Freedom fighter | Dec. 6
Mandela's words to remember
In one of the many training sessions I attended as a Pinellas County teacher, a presenter quoted something without credit that stuck with me. I scribbled it down, getting it wrong, and tucked it away.
Years later I ran across my scribble and was struck again by how profound and true the quote is to my craft as a teacher and also to our community and nation. I finally researched the quote through Internet, got it corrected, and found it to be from a speech by Nelson Mandela on the occasion of the launch of the Nelson Mandela Children's Fund in 1995.
He said: "There can be no keener revelation of a society's soul than the way in which it treats its children."
I believe these words are more true today than ever. Every parent, teacher, neighbor, relative, community leader, and state and federal legislator needs to ponder these words and the implication they have for us and the society in which we live.
Charles B. Wood, St. Petersburg
On the menu: protests over pay Dec. 5, Robert Trigaux column
These are entry-level jobs
I'm sick of hearing about fast food workers getting low wages. These jobs were meant to be stepping stones, not long-term employment.
In high school, I worked as a landscaper for a low wage. I quickly decided it was not something I wanted to do for the rest of my life. In my 20s, I started at a job that paid me $20,000 per year. I worked hard, moved to other companies and continued to increase my earnings. I also continued to improve myself so I would be more competitive for higher-paying jobs.
The way to higher wages isn't protesting fast food; it's through hard work, investing in yourself and not starting a family until you are financially ready.
Steven K. Lenardos, Tampa
Gains and losses
I am not opposed to an increase in the minimum wage, and I sympathize with the plight of low-wage workers. However, wages are determined based on the skills and ability of the worker. It is not possible for a business to tailor its wage structure to take into consideration each employee's family size and needs.
LaShonna-Kyrell Delgardo is protesting to increase her pay from $8.30 to $15 an hour. This, as Robert Trigaux points out, is an increase of over 80 percent. However, the biggest winner would be the federal government. A $15 per hour wage would increase her federal income taxes by over $4,000 and cause her to lose food stamps and Medicaid valued at around $5,300. This would shrink her increase to 16 percent. Her windfall could be further reduced if she incurs medical expenses as her cost-sharing subsidy would shrink by $3,000, which would leave her with a per hour increase of less than a dollar.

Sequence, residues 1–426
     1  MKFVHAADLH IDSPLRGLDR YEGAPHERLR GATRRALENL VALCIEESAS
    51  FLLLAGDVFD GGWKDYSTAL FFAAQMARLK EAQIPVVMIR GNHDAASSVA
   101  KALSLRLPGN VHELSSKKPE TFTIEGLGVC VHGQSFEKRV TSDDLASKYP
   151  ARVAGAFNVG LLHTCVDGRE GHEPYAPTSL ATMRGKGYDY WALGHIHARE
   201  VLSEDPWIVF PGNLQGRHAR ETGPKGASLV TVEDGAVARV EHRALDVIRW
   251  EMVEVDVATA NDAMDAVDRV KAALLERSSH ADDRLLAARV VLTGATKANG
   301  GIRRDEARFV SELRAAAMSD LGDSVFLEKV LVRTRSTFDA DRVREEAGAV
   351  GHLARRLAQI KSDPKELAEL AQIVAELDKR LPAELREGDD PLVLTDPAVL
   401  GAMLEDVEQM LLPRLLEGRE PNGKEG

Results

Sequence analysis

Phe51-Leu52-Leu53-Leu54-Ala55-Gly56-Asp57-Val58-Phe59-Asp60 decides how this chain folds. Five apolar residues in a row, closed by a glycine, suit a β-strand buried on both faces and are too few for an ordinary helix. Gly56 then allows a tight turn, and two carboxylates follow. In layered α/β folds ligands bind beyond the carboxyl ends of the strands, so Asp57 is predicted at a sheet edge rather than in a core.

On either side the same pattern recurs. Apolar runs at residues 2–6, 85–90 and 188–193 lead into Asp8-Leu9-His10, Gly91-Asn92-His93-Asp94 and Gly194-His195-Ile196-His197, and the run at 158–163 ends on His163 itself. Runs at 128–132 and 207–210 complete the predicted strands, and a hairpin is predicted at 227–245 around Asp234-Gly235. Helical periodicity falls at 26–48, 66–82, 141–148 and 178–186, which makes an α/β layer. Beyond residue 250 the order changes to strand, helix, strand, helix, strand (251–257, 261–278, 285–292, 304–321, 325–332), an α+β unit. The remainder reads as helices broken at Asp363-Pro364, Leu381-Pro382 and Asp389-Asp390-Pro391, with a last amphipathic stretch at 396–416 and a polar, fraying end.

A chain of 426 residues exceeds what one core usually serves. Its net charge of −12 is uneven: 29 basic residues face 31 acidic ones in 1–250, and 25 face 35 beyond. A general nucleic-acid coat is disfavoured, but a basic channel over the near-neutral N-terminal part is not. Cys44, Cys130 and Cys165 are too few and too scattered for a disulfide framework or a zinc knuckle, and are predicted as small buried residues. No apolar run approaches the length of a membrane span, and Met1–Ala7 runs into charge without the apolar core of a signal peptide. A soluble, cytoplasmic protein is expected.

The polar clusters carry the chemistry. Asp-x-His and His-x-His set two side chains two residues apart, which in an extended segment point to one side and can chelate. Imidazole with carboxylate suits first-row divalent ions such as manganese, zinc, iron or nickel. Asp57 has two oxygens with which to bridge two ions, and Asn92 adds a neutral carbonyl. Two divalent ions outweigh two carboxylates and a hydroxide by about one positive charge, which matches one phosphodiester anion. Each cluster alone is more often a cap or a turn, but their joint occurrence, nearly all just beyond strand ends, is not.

Lack of social mobility is a serious problem in this country. The gateway to the middle class depends on education and skills. We, as a country, would be better off if we addressed the barriers those at the bottom face in furthering their education rather than paying them a few more dollars to languish in a dead-end job.
Mary Anne Reilly, St. Petersburg
Do your part on wages
If you care, the next time you visit an establishment you know pays minimum wage, drop off a note indicating you would not oppose paying a few cents extra for your purchase if that establishment were to pay their employees a wage that would move them out of the "poverty wages" category. Have your note with you. Maybe have them handy, already in the car.
However, your concern and actions may not be enough. Please tell your friends about your thoughts and what you are doing, and urge them to get involved.
David M. Childress, Palm Harbor
Racism remains, despite what policymakers say | Dec. 5, commentary
Stop playing 'gotcha'
I find it hard to stomach this column's partisan response — "whoops" — to the Republican National Committee's tweet about Rosa Parks: "Today we remember Rosa Parks' bold stand and her role in ending racism." Does the writer really think that the Republican National Committee believes that racism does not exist in this country, or in other countries for that matter?
Why not accept the tweet as a statement in honor of Parks rather than spin hatred into it? In truth, the tweet's use of "ending" describes an ongoing process — a fact I think we can all agree on.
Stephen Small, Indian Rocks Beach
Start over on teacher ratings | Dec. 5, editorial
Parenting and poverty
The real problem with U.S. education is poverty and bad parenting.
A teacher with a classroom full of students dealing with poverty and bad parenting is a great teacher if she can teach them anything. She is much better than the teacher who gets an A out of students without these problems.
Margie Johnson, Beverly Hills
The pope vs. Rush | Dec. 5, commentary
Limbaugh should read Bible
The photos appearing over this column about Pope Francis and Rush Limbaugh prove the much-quoted dictum that a "picture is worth a thousand words." One visage shows a smiling face with a hand raised in benediction; and the other an apparently loudspoken person talking into a microphone.
Limbaugh calls Francis a socialist. I'd like to remind him that Jesus of Nazareth was considered a "socialist" and a rabble-rouser in his time.
I refer Limbaugh to the Gospel of Mark, chapter 10 and the story of the rich man. He could not part with his wealth and went away sad. What did Jesus say? "How hard it is for the rich to enter the kingdom of God! It is easier for a camel to go through the eye of a needle, than for the rich to enter the Kingdom of God."
The message of Francis is the message of the cry of the poor of this world made poorer by income inequality.
I urge Limbaugh to read the papal exhortation to Catholics and try to really understand on a deeper level what the pope's message is. I am afraid that Limbaugh's interpretation of Francis is based on news sound bites taken out of context.
Florence Laureira, Hudson